Tuples and immutability
Mark H. Harris
harrismh777 at gmail.com
Sun Mar 2 03:15:10 CET 2014
On Saturday, March 1, 2014 3:21:44 PM UTC-6, Mark H. Harris wrote:
> On Friday, February 28, 2014 11:16:18 PM UTC-6, Ian wrote:
hi Ian, I thought of something else after I slept on it, so to speak.
[42, 43, 44]
s is a list. We should be able to change s even though its within a tuple,
[42, 43, 44]
[42, 43, 44, 45] <===== no error
or like this:
[42, 43, 44, 45]
Traceback (most recent call last):
File "<pyshell#8>", line 1, in <module>
s=s+ <==========error, but look below======
TypeError: 'tuple' object does not support item assignment
[42, 43, 44, 45] <=========also no change to list !!
The point I'm trying to make with this post is that s+=
and s=s+ are handled inconsistently. In each case
(whether the list is part of a tuple or not) s is a valid
list and should be mutable. In every case, in fact, it is.
In each case, in fact, the change might occur. But, the change
occurs in the first case (append) without an error. The change
occurs in the next case too (+=) but with an error not related
to the tuple. The change does not occur in the third case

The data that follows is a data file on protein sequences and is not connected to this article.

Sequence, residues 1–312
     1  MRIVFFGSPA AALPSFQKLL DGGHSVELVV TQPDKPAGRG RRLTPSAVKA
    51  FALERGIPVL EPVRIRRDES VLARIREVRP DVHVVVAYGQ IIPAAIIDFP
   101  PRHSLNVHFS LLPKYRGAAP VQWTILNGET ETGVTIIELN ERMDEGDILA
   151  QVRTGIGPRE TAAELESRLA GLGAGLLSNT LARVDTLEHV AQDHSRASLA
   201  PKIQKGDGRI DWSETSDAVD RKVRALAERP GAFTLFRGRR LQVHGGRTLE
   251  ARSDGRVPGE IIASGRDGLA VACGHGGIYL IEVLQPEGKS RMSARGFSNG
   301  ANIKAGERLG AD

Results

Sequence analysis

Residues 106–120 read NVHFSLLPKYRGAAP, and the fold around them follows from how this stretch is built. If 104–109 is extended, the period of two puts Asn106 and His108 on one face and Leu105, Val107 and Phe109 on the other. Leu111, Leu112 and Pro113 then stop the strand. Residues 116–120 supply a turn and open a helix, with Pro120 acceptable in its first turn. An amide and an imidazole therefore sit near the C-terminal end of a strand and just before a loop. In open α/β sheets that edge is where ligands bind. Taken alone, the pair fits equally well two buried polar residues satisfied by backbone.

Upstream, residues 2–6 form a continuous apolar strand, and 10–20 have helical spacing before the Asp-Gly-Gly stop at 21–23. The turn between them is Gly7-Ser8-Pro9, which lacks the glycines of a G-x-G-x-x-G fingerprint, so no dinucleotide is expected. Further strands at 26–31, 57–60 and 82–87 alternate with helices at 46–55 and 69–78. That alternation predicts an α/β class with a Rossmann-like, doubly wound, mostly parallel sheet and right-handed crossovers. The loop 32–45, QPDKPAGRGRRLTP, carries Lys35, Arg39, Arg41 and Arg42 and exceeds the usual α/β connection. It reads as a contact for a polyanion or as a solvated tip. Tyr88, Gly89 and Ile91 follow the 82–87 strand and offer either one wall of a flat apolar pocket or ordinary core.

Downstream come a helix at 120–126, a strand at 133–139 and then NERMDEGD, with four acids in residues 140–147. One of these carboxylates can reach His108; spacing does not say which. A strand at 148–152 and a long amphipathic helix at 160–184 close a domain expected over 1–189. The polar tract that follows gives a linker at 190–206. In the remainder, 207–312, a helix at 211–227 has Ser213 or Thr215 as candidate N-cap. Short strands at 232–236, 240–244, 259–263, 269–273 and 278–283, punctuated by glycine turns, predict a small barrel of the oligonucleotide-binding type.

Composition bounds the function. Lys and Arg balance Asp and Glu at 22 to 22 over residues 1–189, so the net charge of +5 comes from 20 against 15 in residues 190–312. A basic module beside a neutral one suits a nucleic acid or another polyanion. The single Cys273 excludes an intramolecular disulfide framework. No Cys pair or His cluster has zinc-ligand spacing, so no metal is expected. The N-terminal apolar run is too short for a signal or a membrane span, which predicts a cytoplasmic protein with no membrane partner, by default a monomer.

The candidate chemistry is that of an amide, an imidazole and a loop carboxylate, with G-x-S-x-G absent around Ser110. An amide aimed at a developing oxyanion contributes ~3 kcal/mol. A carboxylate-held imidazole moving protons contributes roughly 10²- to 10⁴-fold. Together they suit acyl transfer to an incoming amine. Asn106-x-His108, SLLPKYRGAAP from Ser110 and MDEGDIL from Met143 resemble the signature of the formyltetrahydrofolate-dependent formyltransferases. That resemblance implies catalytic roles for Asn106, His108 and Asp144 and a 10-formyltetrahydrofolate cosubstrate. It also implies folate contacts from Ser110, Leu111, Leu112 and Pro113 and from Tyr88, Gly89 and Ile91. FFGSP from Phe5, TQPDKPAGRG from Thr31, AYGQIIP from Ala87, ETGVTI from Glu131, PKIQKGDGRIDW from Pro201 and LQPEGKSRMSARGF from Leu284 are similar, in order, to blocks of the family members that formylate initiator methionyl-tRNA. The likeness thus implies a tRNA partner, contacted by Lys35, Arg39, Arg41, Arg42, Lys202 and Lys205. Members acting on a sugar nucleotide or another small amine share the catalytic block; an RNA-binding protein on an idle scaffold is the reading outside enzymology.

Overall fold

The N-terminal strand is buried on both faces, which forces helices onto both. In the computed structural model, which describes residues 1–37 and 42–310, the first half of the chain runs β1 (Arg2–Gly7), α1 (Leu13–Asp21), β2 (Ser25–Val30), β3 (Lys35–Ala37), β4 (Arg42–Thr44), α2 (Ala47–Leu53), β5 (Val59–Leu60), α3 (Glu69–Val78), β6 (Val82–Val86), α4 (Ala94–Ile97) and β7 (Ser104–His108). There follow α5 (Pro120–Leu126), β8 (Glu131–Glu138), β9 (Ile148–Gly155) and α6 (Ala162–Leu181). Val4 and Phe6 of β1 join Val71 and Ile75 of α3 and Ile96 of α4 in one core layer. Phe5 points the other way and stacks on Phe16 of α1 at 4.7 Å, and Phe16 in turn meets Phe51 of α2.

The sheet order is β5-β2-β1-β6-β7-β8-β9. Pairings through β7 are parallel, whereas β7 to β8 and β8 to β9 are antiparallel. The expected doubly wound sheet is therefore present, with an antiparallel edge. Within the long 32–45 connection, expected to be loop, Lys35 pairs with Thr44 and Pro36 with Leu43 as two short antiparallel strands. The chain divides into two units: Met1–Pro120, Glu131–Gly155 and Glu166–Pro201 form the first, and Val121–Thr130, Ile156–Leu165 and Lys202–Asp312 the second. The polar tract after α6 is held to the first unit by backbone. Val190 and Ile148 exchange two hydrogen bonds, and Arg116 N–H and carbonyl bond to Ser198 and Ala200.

(s=s+ with an error) but the list is not changed !
We all know this is not good. We also all know that its because
of implementation details the user/coder should not need to know.
QED: a bug.
Having slept on it, I am remembering my Zen of Python: Errors
should never pass silently, unless explicitly silenced. It looks
to me like (+=) in this case is not being handled correctly
under the covers. At any rate the three scenarios of trying to
change a mutable list as an immutable tuple item should be handled
Either we can change the tuple item (if its a list) or we can't.
Also, if we cannot then the expected error should
Hi , I'm experimenting a bit with TextWrangler and gg to see if I can
at least solve my double spacing and wrap problems with cut
a paste for the moment.
More information about the Python-list